In an apparent attempt to bring an end to USDT’s unrelenting solvency saga, Tether Limited has procured a new banking partner and laid bare its “portfolio” reserves in an account statement dated Oct. 31.
We are pleased to be able to confirm that Tether has an account with Deltec Bank & Trust Limited https://t.co/LSn64soUsC . Balance confirmation at 2018-10-31 attached.
— Tether (@Tether_to) November 1, 2018
According to Tether, Deltec Bank concluded after a months-long “due diligence review” that the company behind the contentious USDT would be a suitable candidate to open a bank account at their Nassau-based financial institution.
The 72-year-old bank would step into Tether’s confusion of dissolved relationships and financial quandaries; arguably first manifesting when the stablecoin operator in January cut ties with audit firm Friedman LLP—who would have been the first to officially verify Tether’s solvency—and crescendoing again in April when banking issues prevented international customers from redeeming USDT for fiat.
Tether, however, assured that it had this time passed Deltec’s assessment with flying colors, and crucially, that the bank was satisfied the company could cough up the dough for USDT-USD redemption “at any moment”. Their announcement, Nov. 1, stated:
This included, notably, an analysis of our compliance processes, policies and procedures; a full background check of the shareholders, ultimate beneficiaries and officers of our company; and assessments of our ability to maintain the USD-peg at any moment and our treasury management policies.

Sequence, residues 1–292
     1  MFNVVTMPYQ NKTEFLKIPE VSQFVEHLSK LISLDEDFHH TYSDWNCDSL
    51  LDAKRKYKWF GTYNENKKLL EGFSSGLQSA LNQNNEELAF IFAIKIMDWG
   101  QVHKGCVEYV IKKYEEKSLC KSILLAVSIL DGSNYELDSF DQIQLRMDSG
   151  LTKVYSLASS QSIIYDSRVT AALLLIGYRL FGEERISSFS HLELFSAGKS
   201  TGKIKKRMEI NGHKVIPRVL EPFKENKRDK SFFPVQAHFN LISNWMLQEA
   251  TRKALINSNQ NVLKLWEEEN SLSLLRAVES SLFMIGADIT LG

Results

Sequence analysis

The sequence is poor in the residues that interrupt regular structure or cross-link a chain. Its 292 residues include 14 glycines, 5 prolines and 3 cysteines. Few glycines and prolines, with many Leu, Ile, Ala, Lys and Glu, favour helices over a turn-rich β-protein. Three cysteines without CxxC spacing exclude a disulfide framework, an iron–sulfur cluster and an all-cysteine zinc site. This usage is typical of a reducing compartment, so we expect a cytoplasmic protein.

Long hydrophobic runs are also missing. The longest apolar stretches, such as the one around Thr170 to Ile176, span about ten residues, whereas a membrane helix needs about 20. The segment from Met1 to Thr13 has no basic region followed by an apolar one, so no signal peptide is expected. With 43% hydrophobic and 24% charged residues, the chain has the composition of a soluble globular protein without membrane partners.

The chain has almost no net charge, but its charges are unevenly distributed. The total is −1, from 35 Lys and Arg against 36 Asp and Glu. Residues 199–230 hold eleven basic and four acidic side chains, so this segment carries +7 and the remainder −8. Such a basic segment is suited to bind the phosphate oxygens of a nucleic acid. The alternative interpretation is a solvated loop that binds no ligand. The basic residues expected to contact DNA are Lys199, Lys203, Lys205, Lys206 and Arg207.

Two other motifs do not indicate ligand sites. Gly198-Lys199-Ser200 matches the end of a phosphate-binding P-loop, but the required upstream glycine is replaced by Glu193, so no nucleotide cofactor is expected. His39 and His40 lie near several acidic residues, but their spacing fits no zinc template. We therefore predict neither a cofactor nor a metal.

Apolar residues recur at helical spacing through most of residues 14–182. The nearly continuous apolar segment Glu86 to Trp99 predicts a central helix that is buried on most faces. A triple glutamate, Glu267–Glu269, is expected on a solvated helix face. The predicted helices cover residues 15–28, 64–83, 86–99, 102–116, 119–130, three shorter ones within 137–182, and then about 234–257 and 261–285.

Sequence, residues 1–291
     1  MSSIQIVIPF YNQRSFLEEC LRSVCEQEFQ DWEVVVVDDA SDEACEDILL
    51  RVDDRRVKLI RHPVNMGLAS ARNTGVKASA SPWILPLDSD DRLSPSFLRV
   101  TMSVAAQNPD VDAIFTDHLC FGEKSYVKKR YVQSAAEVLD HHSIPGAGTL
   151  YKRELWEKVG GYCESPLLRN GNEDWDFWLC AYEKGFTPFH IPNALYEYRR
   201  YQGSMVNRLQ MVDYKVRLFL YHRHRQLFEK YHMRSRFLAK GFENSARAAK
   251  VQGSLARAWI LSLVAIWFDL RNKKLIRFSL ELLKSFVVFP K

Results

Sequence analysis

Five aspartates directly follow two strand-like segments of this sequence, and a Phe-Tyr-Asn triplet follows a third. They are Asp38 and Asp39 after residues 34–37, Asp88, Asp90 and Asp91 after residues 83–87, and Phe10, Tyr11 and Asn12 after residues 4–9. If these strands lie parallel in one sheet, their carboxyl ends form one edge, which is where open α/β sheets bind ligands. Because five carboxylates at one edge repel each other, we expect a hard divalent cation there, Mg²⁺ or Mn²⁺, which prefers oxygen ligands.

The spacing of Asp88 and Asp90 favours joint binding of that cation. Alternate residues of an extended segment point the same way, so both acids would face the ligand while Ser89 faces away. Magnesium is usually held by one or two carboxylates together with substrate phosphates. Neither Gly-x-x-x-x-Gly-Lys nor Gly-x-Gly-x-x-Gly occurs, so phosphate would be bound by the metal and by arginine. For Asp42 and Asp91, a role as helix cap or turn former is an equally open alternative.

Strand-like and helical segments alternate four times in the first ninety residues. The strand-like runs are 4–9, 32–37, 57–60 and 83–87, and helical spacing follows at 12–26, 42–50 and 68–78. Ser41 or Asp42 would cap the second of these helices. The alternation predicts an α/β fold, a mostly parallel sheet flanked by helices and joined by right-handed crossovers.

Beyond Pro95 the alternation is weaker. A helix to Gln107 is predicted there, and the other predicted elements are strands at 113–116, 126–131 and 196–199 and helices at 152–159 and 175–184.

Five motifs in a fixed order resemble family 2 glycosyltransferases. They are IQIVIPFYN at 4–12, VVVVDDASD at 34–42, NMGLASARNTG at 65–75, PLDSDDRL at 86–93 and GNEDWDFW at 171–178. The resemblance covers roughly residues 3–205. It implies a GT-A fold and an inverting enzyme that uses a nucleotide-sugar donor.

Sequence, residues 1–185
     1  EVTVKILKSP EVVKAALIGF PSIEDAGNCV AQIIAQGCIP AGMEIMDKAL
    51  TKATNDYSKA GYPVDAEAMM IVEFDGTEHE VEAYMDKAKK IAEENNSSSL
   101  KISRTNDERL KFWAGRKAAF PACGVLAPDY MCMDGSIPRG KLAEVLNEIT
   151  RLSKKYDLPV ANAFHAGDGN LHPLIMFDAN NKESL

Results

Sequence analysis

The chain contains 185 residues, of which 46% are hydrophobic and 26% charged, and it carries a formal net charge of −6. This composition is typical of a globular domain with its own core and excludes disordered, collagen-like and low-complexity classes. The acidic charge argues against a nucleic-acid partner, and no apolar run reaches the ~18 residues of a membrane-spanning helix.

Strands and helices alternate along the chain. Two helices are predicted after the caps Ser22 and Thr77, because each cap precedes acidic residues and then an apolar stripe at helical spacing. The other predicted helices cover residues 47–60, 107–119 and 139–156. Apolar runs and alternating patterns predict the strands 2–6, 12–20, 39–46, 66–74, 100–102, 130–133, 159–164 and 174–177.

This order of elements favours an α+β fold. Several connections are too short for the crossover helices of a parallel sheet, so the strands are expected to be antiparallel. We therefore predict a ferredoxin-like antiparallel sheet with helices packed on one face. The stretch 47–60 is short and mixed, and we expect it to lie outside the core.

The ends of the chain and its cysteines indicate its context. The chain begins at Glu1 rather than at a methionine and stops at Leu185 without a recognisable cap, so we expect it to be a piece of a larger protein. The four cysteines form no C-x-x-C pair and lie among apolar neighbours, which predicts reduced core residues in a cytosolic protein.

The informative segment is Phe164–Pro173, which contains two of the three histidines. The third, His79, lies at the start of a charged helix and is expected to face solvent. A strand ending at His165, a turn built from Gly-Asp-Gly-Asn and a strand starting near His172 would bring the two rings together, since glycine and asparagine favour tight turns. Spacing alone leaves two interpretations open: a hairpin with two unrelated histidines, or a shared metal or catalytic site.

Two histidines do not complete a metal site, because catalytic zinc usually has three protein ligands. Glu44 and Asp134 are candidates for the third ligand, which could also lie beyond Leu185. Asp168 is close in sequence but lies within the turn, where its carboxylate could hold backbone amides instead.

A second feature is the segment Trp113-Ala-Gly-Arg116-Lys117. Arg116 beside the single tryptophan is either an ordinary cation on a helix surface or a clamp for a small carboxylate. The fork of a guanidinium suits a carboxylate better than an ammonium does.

The move comes on the tail-end of what may be Tether’s most turbulent month yet, characterized by immense deliberation over the coin’s welfare after a $500 million USDT ‘burn’ saw the stablecoin shed more than $1 billion of market capitalization and flutter below its supposedly guaranteed $1 peg.
As of the close of business on Tuesday, the new account of the Hong Kong-registered stablecoin issuer apparently held $1,831,322,828 in unspecified assets—a valuation that would exceed USDT’s $1,754,909,000 market capitalization at the time by about $76 million.
Some might seem keen to let the company off the hook just yet, however.
Where the letter may have soothed concerns, it seems to have equally supplied fresh ammunition to Tether skeptics—who promptly met the news with a barrage of pointed tweets, centered around the mercurial description of Tether’s “portfolio” without naming its contents, as well as the credibility of Bahamas-based Deltec itself.
What is in the 'portfolio' and how was it valued? Why assume they have anything approaching the liquidity of cash?? Huge assumption. @CasPiancey can you value my portfolio of used diapers? They are starting to stink. 1.8B$ seem reasonable?
— Matt Crane (@150c_vapour) November 1, 2018
Cover Photo by Boris Baldinger on Unsplash
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